Along with its Soul Cinema and Midnight Movies initiatives, MGM also is looking to develop a fashion and lifestyle brand around the "Some Like It Hot" moniker, a reference to MGM's 1959 release, which cemented Marilyn Monroe as an iconic sex symbol. In this case, MGM is working with Marilyn Monroe's estate and its licensing agency CMG Worldwide to iron out rights issues, which include using her likeness in marketing materials and, in some cases, packaging and POP.
In-House And Out
"On the entertainment side, we're working within the four walls of the MGM intellectual property portfolio," says Rutherford, "but we're also working outside of it, bolstering our third-party representation deals." Having picked up the North American merchandising rights for Canada-based Nerd Corps Entertainment's Storm Hawks, MGM now is finalizing deals for all of the category anchors; Spin Master already is on board as worldwide master toy licensee and Cartoon Network picked up the 52 x 30-minute series in the U.S., UK, France, and Latin America, with episodes set to begin this fall (other broadcast partners include Canada's YTV and France 3). MGM also picked up the worldwide licensing representation rights for adventure/fantasy property Highlander from Davis-Panzer Productions, with a new direct-to-video anime feature already scheduled for release later this year. The Highlander franchise includes four feature film releases, two live-action and one animated TV series, and 14 books, which, says Rutherford, makes it a perfect complement to MGM's other classic brands like Pink Panther and Rocky.
Speaking of Rocky, "the franchise continues to perform well in-store, with more than 50 retailers supporting the property," says Rutherford, adding that his team currently is putting together a program to pitch Rocky as an exclusive long-term brand initiative in men's sporting goods (think athletic apparel) to a mass retailer.
As for Pink Panther, the property continues to do phenomenal business, particularly among 'tweens in Asian territories. According to Rutherford, "the Asian program utilizes high-end, designer tie-ups with promotional overlays that feature celebrities and popular music talent." This, he adds, "allows Pink Panther to have the cache of being cool in the marketplace. Over the course of the last three years the size of the business has more than quadrupled in Japan."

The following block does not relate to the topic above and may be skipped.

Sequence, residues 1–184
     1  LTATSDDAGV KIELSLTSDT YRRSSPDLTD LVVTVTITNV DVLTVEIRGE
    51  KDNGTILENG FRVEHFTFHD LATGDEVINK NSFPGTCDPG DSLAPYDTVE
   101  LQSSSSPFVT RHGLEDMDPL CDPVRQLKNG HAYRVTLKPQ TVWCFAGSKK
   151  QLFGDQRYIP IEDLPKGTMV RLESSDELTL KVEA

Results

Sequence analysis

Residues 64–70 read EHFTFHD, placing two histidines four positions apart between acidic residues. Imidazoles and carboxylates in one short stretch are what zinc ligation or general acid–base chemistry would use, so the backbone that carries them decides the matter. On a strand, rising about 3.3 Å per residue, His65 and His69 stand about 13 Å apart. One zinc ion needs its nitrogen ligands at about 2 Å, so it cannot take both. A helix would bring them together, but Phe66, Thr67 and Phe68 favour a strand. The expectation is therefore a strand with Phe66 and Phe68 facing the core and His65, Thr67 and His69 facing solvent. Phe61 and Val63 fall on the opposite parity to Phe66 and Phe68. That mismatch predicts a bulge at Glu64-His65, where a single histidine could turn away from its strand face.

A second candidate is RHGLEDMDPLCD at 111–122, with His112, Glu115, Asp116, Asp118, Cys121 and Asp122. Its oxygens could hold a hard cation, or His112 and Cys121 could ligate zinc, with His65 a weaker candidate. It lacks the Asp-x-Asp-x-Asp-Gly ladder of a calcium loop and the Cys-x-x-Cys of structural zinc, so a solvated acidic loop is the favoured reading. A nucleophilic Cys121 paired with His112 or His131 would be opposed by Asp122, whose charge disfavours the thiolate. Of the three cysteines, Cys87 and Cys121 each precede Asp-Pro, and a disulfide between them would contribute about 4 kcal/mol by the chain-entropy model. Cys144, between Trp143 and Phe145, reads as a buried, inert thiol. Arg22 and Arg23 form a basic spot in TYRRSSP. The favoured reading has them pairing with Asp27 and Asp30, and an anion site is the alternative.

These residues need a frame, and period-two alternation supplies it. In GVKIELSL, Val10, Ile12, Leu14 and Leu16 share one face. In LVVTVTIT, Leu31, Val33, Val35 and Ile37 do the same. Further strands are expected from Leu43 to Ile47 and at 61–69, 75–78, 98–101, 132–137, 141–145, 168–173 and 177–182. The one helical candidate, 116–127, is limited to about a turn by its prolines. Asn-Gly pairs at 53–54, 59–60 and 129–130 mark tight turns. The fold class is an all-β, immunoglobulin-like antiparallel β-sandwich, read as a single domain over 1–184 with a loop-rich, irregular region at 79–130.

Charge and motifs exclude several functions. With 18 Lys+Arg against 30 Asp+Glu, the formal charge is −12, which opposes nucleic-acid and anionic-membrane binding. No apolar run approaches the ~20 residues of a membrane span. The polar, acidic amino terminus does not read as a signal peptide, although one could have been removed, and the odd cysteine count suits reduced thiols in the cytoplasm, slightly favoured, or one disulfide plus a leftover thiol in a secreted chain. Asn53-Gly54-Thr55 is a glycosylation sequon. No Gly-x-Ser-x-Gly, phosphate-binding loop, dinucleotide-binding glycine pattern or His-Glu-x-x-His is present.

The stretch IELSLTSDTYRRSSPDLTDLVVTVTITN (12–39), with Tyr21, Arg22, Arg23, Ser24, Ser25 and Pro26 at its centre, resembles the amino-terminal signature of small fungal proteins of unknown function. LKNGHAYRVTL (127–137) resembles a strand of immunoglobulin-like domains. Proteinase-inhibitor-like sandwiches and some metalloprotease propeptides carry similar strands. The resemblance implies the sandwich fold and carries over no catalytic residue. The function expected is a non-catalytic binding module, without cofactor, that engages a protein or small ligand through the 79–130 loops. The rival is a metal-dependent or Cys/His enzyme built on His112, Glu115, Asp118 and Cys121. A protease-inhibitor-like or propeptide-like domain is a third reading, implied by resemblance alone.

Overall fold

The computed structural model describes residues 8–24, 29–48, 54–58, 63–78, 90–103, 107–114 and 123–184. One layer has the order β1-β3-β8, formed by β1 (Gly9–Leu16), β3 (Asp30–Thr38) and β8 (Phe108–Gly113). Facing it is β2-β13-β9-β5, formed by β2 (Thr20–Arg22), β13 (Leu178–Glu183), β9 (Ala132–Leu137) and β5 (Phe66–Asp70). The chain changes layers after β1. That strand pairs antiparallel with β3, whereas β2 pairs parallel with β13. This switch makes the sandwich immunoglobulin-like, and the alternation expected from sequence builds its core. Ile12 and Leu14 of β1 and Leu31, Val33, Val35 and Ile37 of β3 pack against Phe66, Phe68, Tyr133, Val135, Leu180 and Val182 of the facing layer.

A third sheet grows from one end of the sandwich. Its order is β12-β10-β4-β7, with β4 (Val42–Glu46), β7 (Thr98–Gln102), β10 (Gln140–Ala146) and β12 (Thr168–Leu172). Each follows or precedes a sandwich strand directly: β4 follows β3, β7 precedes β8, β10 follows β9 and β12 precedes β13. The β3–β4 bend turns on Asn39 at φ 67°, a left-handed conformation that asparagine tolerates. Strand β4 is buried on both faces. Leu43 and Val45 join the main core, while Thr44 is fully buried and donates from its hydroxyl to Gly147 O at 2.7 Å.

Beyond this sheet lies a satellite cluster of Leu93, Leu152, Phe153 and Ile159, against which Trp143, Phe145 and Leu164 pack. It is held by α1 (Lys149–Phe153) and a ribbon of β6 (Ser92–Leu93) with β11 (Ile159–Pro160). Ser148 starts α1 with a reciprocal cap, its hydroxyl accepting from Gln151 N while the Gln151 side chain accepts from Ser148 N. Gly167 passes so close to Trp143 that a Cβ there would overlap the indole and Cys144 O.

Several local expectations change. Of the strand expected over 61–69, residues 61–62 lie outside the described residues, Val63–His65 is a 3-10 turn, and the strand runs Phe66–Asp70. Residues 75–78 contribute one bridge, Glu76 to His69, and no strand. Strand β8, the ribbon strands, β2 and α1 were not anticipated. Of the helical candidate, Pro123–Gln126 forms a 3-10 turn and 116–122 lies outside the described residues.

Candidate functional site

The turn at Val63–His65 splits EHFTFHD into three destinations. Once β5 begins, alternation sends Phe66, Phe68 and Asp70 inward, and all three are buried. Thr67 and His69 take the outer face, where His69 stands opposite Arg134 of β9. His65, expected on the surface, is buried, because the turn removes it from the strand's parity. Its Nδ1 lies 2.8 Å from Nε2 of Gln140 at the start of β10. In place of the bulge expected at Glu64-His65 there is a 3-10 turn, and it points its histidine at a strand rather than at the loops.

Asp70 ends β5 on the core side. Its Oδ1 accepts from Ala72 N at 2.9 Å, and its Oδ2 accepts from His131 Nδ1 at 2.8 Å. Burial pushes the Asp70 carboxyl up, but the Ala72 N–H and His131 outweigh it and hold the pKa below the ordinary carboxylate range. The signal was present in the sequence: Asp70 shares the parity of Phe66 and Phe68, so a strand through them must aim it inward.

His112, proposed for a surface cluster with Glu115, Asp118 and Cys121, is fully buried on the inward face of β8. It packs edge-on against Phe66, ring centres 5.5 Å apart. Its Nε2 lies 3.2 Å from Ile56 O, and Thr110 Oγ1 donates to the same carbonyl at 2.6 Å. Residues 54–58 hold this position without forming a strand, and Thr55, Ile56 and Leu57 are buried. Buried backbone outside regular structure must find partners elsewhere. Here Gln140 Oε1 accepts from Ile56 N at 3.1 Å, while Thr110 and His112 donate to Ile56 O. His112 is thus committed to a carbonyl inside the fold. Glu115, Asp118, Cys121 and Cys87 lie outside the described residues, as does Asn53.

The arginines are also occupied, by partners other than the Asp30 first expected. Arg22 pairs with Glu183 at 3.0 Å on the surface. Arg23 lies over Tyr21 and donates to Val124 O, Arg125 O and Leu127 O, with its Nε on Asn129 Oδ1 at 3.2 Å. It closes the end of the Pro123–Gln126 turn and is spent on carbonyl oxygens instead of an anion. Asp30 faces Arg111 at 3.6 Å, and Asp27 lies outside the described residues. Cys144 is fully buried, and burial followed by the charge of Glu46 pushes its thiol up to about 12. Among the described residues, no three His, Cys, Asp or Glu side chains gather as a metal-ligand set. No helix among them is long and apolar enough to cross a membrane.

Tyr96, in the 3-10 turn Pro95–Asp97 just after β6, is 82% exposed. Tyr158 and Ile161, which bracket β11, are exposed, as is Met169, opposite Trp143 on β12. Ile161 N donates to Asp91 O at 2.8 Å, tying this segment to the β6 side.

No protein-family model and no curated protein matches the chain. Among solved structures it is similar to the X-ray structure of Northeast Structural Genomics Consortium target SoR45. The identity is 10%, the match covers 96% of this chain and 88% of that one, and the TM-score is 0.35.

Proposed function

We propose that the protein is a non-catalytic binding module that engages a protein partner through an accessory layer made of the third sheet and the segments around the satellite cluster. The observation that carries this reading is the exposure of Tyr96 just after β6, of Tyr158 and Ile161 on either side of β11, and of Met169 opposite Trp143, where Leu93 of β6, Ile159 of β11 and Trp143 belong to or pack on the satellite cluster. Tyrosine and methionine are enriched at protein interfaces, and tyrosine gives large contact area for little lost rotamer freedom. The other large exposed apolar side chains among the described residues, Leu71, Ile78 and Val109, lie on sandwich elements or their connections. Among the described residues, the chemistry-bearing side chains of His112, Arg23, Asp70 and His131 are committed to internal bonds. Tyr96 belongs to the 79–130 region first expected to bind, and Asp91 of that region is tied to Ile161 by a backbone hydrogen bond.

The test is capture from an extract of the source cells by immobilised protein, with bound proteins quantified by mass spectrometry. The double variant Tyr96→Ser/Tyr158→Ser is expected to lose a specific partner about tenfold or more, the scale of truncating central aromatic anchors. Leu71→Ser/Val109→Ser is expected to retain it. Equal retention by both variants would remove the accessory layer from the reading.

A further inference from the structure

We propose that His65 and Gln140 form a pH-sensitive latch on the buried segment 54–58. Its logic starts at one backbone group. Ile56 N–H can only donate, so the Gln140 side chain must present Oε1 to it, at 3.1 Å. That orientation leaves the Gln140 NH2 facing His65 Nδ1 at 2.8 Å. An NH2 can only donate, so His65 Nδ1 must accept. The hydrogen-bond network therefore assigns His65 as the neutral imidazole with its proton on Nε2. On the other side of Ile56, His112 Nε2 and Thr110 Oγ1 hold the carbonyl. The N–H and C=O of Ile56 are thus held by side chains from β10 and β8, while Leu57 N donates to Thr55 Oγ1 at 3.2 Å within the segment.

Going forward, MGM has plans for Pink Panther fashion and designer initiatives with a breast cancer research tie-in. Dubbed "Pinkitude," the program will launch this fall. Spring '08 will see the release of Pink Panther's latest live-action installment, starring Steve Martin, but MGM will not license against the film, choosing instead to expand its portfolio of classic licenses. "Of course," says Rutherford, "our classic Pink Panther product will still be available during the movie window—in this case, along with promotional film overlays, and some call-out information on POP materials."
Pink Panther & Pals (designed for ages 4 to 7), meanwhile, is close to production on a flash-animated TV series. Produced in Canada, 26 episodes already have been pre-sold to various broadcasters around the world. As for PP&P merchandise, Rutherford notes it will be targeted mainly at mass, though some territories may begin with high`end products and then trickle down to other tiers. Rutherford also makes the rather bold prediction that PP&P will become as big in Japan as Pink Panther within the next six months. Bold, that is, until he mentions that Sanrio is on board as master licensee in Japan and will be managing the property and dealing with subagents.